From the mouth of Hendrika came a succession of grunts, groans, squeals, clicks, and every other abominable noise that can be conceived, conveying to my mind a general idea of expostulation. At any rate the baboons listened. One of them grunted back some answer, and then the whole mob drew off to the rocks.
I stood astonished, and without a word we turned back to the kraal, for Hendrika was too close to allow me to speak. When we reached the dining hut Stella went in, followed by Hendrika. But Indaba-zimbi plucked me by the sleeve, and I stopped outside.
“Macumazahn,” he said. “Baboon-woman—devil-woman. Be careful, Macumazahn. She loves that Star (the natives aptly enough called Stella the Star), and is jealous. Be careful, Macumazahn, or the Star will set!”
“LET US GO IN, ALLAN!”
It is very difficult for me to describe the period of time which elapsed between my arrival at Babyan’s Peak and my marriage with Stella. When I look back on it, it seems sweet as with the odour of flowers, and dim as with the happy dusk of summer eves, while through the sweetness comes the sound of Stella’s voice, and through the gloom shines the starlight of her eyes. I think that we loved each other from the first, though for a while we said no word of love. Day by day I went about the place with her, accompanied by little Tota and Hendrika only, while she attended to the thousand and one matters which her father’s ever-growing weakness had laid upon her; or rather, as time drew on, I attended to the business, and she accompanied me. All day through we were together. Then after supper, when the night had fallen, we would walk together in the garden and come at length to hear her father read aloud sometimes from the works of a poet, sometimes from history. Or, if he did not feel well, Stella would read, and when this was done, Mr. Carson would celebrate a short form of prayer, and we would separate till the morning once more brought our happy hour of meeting.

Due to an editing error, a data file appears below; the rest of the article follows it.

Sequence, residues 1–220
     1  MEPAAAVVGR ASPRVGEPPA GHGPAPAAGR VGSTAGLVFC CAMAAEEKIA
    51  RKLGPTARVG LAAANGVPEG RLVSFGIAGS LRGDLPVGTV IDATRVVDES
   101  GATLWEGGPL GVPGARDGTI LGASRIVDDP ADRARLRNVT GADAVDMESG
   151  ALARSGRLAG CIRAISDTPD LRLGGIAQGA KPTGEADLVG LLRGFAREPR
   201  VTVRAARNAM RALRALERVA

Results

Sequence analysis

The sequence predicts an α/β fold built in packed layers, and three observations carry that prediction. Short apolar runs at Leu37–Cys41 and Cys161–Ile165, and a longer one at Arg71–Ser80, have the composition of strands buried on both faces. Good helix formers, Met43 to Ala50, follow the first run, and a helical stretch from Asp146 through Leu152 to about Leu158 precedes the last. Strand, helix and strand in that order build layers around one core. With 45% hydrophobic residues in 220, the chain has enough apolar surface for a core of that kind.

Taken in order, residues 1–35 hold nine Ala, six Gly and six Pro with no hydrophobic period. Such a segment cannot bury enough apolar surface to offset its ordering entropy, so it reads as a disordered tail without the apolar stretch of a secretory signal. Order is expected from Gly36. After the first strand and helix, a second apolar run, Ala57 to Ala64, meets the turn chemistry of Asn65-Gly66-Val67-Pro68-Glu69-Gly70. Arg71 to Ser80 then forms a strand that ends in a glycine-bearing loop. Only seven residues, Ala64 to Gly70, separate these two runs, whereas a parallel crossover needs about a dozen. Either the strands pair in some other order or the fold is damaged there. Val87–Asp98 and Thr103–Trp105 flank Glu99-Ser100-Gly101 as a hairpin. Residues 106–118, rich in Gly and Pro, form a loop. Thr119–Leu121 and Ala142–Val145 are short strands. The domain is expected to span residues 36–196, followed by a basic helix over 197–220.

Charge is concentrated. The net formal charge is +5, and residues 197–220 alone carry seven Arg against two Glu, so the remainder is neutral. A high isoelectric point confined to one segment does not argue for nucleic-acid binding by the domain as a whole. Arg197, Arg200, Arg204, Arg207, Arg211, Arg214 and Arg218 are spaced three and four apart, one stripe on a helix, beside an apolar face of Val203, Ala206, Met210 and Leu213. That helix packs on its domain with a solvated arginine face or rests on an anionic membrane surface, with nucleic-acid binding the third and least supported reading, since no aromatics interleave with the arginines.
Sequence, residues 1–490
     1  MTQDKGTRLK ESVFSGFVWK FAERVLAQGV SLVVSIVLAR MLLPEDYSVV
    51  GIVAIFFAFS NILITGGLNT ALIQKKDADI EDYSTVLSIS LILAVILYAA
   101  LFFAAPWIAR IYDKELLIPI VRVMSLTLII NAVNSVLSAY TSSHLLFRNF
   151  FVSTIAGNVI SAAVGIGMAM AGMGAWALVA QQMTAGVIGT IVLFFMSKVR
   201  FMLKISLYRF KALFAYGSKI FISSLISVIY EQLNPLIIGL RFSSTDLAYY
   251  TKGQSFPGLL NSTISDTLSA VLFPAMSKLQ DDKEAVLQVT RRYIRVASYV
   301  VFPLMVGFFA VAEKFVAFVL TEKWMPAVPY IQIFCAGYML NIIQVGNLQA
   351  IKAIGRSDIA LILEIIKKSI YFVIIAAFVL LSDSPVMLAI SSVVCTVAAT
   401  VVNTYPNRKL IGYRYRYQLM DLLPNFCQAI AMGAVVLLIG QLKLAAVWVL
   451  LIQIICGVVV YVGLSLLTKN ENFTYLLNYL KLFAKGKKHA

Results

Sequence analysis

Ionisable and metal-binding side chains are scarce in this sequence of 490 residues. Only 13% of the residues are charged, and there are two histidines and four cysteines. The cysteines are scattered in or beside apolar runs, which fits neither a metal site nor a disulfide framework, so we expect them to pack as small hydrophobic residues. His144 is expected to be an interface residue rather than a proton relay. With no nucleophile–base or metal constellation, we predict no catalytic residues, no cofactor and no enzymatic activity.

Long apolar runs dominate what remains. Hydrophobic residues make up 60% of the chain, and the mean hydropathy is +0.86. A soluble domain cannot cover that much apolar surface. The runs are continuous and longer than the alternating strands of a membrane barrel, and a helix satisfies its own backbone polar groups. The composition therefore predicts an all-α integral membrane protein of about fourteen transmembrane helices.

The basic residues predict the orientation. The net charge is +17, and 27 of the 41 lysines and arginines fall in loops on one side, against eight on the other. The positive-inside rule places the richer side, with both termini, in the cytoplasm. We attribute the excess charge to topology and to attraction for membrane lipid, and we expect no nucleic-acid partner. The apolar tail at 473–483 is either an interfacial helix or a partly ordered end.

So the weeks went by, and with every week I grew to know my darling better. Often, I wonder now, if my fond fancy deceives me, or if indeed there are women as sweet and dear as she. Was it solitude that had given such depth and gentleness to her? Was it the long years of communing with Nature that had endowed her with such peculiar grace, the grace we find in opening flowers and budding trees? Had she caught that murmuring voice from the sound of the streams which fall continually about her rocky home? was it the tenderness of the evening sky beneath which she loved to walk, that lay like a shadow on her face, and the light of the evening stars that shone in her quiet eyes? At the least to me she was the realization of that dream which haunts the sleep of sin-stained men; so my memory paints her, so I hope to find her when at last the sleep has rolled away and the fevered dreams are done.